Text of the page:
become unbearable and so I stood
contemplating one final step into the deep
that would provide relief. One step.

I pondered. . . I paused. . . One step.

In the wintery silence of my soul I heard a
whisper; a tiny voice struggled to be heard
amidst the noise of my silence.

I pondered. . . I paused. . . One step.

I listened. The whisper grew in intensity
and clarity. I listened. Why don’t you
go and talk with somebody?

I pondered. . . I paused. . . One step.

I listened. The question held a bit of
light in the form of a small hope.

I pondered. . . I paused. . . One step.

I turned, I took the One Step, not into
the water of relief but into the dark
that held out a small light of hope. –Richard W Smith, 21 February 2010

 
The Lake where I paused – then took that one step.

The Lake Where I Paused

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For the ‘People of the Book’ (Jews, Christians and Muslims) the Prophet plays a number of roles. Historically, Prophets also appeared in many other humanist and faith traditions. For many the age of Prophets has long past – although their ability to influence us has not. For others a Prophet will emerge when needed — it is the seeker who calls forth the Prophet. The implication here is that there is always a Prophet waiting just off center-stage waiting to be called forth.

Let us pause a moment and briefly explore the concept of ‘Prophet.’ I invite us to consider that the Prophet’s main role is NOT to predict the future; many folks who have been named as ‘Prophets’ did not spend their time predicting the future. So what did they do and how might a Prophet serve us today?

Prophets help us – especially help our designated leaders – keep a clear head amidst confusion, conflict, chaos and ambiguity. A Prophet is gifted with ‘truth-telling’ as they see it – ‘Let he or she who has ears hear!’ A Prophet can help us by ‘seeing clearly’ that the ‘emperor’ indeed is lacking clothes and then by naming this reality for us – ‘Things are not as we believe them to be!’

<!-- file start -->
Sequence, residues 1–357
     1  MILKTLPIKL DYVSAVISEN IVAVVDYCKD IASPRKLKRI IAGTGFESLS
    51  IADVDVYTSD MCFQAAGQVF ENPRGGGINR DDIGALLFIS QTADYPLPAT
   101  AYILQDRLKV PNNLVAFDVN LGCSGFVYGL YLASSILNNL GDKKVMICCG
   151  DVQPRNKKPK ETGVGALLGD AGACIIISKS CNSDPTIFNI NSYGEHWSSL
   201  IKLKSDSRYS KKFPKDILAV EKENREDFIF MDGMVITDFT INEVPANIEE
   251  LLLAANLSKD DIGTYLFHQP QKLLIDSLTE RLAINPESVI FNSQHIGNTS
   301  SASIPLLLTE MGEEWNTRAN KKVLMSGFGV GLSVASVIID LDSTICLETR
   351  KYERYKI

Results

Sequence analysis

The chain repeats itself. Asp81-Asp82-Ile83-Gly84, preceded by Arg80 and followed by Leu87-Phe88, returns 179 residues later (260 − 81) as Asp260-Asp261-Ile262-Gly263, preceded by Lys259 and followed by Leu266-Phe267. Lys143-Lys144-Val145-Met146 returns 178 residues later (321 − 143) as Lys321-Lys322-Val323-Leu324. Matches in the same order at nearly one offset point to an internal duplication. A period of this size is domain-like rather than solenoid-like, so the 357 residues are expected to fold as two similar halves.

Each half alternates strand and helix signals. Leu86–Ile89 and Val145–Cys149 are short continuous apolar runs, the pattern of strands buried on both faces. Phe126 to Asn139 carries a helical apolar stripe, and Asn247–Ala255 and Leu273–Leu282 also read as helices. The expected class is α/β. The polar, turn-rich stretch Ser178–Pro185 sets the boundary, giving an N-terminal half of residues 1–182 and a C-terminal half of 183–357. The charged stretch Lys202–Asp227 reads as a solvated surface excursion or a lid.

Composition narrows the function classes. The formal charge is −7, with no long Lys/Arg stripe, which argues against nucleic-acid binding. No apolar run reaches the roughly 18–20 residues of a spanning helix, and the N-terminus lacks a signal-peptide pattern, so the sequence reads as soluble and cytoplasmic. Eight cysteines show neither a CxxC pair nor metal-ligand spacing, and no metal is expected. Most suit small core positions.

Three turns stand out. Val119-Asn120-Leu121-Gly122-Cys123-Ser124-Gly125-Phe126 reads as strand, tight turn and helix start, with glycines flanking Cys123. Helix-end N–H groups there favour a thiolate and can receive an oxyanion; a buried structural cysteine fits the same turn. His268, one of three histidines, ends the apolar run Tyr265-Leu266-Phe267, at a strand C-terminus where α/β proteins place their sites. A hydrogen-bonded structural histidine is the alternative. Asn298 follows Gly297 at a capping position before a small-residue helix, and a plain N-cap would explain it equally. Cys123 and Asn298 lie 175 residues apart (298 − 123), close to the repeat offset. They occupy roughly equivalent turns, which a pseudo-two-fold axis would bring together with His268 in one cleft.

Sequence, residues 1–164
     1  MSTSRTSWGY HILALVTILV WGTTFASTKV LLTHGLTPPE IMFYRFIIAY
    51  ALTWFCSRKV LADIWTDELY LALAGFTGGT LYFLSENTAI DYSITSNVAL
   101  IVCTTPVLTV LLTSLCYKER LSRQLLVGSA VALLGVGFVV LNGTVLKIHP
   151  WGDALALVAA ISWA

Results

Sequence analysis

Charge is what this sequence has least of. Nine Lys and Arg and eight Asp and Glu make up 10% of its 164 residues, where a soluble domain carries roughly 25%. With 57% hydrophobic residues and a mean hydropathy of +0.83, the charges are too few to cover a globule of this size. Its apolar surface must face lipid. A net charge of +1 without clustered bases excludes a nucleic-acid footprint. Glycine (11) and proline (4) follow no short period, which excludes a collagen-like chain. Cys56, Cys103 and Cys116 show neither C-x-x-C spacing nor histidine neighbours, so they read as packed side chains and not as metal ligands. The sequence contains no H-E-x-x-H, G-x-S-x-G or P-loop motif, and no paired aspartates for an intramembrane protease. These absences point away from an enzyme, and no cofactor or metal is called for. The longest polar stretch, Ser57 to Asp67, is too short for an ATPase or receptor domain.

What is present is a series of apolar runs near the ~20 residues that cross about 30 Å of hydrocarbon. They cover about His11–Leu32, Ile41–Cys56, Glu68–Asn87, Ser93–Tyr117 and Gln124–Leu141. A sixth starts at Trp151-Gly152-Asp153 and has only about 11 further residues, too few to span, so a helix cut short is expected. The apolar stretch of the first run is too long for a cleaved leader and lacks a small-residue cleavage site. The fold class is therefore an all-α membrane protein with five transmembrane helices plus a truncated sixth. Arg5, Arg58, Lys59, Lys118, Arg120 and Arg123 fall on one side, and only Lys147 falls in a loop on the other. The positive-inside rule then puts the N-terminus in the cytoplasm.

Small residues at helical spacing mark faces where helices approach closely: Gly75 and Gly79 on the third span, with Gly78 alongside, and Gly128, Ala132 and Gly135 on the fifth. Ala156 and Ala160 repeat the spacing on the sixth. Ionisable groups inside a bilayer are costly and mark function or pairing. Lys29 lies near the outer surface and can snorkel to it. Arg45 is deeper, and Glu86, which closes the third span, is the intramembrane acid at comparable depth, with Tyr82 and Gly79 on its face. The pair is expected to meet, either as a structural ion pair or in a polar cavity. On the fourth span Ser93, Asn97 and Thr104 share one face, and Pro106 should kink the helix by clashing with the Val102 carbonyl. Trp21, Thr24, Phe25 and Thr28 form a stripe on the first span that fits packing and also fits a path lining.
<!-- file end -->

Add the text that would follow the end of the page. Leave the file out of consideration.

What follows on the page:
Prophets are often the ‘conscience’ of the leader or the led; they remind us that we are called to be moral, not amoral nor immoral, beings. Prophets ‘name’ our amoral and immoral choices and actions – ‘Wake Up! Pay Attention!’ Prophets warn us that the path we are on will take us into the mouth of the Lion; too often our response to the Prophet’s warning is denial or is denigration of the Prophet.

Prophets often point to the ‘wrongs’ we continually commit; they point with vigor to the injustices that we embrace – they stir feelings of ‘guilt’ in us and we don’t like them for it.

What Prophets do not do – and should not do – is to tell us doers what to do. To do so would be to take power without responsibility. We must choose – we must embrace choice, accountability, and unconditional response-ability/responsibility.

Prophets challenge us to embrace and manage the paradoxes that are part of our lives today. Here are two of them: ‘Justice-Mercy,’ ‘Person-Community.’

We need to call the Prophet forth today. The rapidity of global change, the growing chasm between the world’s ‘haves and have-nots,’ the continual degradation of our environment, the growing incivility that permeates the halls of our government, the tsunami of complexity that washes over our leaders, our families, our institutions – that is, our lives – support our need to call forth the Prophet.

Do we really want the Prophet to step onto center-stage? The Prophet does not bring comfort nor solace. The Prophet is a disturber, a pot-stirrer, a ‘conscience-upsetter.’ Our addiction to busyness, our addiction to distraction, and our addiction to speed helps ensure that there is no room for the Prophet, much less for the Prophet’s voice.

YET, as Rabbi Abraham Joshua Heschel reminds us: ‘…all are responsible.’ The disturbing words of a Prophet, I think.